South Texas Haunted Folklore: The Tale of La Llorona
Written by Michael Mayes; Adapted by David Elder
SAN ANTONIO – The tale of La Llorona is a pretty common one, not only in San Antonio but across the state of Texas.
It’s been dominant in Latin culture for hundreds of years, and some even say it goes all the way back to the Aztecs from central Mexico.
There are many variations of the story, but there is always a central theme.
Here is the story of La Llorona that author Michael Mayes heard as a young man:
Once there was a beautiful woman who lived in San Antonio in the early 1800s.
She married her true love, had a couple of children, and was very happy.
Sadly, her husband became ill one day, and he later died of a fever, leaving her to raise their two children all alone.
Being a single parent is never an easy task, and it was especially difficult in frontier Texas.
Months later, her eyes fell upon a rich young man-about-town.
He was very handsome, very well off financially, and seemed to be the answer to her problems.
She struck up a conversation with him one day, and he took a liking to her as well.
The relationship progressed nicely until the day the man found out she had two children.
At that point, the man told her he was not ready for fatherhood, and he broke the relationship off.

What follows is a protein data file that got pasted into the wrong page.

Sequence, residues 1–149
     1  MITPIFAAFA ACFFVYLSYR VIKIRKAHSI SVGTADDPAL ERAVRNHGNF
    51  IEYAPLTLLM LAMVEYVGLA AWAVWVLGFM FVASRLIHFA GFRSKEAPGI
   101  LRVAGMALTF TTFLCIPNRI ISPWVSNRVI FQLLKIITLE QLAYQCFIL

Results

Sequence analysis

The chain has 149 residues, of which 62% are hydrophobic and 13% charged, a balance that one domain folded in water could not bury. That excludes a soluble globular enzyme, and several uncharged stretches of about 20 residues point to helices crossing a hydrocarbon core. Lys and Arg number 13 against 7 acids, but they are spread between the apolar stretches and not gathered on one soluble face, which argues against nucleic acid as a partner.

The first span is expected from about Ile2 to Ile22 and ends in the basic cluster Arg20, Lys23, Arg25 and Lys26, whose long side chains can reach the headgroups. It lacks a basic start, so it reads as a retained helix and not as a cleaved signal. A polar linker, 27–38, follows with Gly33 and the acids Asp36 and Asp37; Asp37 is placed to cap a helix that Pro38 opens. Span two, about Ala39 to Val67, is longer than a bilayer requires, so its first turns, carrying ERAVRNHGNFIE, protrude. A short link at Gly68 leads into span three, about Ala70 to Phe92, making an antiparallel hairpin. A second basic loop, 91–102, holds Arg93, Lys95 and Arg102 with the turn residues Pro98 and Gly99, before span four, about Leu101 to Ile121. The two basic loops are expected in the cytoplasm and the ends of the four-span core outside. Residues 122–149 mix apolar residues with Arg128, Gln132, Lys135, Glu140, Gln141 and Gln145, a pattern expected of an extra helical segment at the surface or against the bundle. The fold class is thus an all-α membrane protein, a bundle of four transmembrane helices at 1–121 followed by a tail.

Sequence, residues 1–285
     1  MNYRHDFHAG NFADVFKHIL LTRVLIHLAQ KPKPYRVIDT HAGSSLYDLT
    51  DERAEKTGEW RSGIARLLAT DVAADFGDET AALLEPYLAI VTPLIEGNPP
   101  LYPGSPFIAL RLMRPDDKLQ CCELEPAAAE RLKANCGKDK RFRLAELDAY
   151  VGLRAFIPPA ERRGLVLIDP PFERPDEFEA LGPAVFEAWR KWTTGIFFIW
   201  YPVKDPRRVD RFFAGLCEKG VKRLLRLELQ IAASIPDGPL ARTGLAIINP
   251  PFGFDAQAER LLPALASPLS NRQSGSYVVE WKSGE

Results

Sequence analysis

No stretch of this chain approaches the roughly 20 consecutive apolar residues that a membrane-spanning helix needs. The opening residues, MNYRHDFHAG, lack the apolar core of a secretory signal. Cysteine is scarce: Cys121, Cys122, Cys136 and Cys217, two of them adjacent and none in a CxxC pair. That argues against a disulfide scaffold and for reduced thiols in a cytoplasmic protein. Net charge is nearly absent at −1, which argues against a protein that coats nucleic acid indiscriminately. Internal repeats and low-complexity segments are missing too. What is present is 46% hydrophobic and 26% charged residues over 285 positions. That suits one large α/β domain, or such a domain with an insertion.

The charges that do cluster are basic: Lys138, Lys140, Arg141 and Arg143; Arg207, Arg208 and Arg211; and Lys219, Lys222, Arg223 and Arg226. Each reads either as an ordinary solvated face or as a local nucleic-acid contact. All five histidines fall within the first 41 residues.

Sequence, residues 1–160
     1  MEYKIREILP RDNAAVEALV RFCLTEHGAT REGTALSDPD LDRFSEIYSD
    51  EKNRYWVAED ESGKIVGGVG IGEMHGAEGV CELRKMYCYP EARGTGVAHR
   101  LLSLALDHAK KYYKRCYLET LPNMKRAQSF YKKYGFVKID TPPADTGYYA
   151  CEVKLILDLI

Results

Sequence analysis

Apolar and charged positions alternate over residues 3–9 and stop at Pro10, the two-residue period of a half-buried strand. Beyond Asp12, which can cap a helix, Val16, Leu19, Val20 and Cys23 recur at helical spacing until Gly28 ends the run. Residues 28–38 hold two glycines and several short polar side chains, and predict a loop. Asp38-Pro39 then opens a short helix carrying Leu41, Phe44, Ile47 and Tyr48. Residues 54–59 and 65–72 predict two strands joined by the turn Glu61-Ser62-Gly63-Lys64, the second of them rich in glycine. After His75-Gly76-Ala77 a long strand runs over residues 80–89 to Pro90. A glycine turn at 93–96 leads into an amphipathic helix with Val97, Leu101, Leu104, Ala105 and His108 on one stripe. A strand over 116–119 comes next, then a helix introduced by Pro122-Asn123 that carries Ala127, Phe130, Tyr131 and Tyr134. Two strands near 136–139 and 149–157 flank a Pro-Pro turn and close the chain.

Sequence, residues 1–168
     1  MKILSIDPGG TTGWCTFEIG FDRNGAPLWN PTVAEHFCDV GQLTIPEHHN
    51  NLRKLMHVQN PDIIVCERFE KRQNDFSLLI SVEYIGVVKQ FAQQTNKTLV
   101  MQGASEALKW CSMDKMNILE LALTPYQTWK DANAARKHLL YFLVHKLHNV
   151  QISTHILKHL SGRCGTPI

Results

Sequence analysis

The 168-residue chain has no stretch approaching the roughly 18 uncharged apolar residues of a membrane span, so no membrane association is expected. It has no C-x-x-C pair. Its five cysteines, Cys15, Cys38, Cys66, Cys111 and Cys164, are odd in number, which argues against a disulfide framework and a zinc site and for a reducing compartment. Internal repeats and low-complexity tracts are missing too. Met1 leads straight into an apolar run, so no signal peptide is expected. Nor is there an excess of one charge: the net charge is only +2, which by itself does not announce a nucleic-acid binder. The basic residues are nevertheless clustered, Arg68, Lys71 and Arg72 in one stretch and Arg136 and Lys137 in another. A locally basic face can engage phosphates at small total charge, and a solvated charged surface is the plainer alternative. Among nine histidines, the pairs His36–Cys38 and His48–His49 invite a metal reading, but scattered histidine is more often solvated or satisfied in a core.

Brokenhearted, the woman went home to her two children.
As days and weeks passed, her sadness grew and so did her depression.
Then, she began to see the young man, the object of her affection, arm-in-arm with other women in town.
This enraged her. She was furious.
Eventually, she turned her rage against her children.
She realized that without them he would’ve loved her.
One morning she gathered her children and told them they were going on a picnic, but that was not her intention.
She took them out to a river and drowned them one at a time.
When she was drowning them she thought, "Once they’re gone, the young man will love me again."
After she was done, she realized she had committed a terrible sin.
She began weeping and threw herself into the river, drowning herself in the process.
It is said that the spirit of the weeping woman still walks the banks of waterways across South Texas and that you can hear her crying out for her children.
In some cases, she can be heard luring other children to the river.
This rendition of La Llorona was written by author Michael Mayes of Texas Cryptid Hunter.
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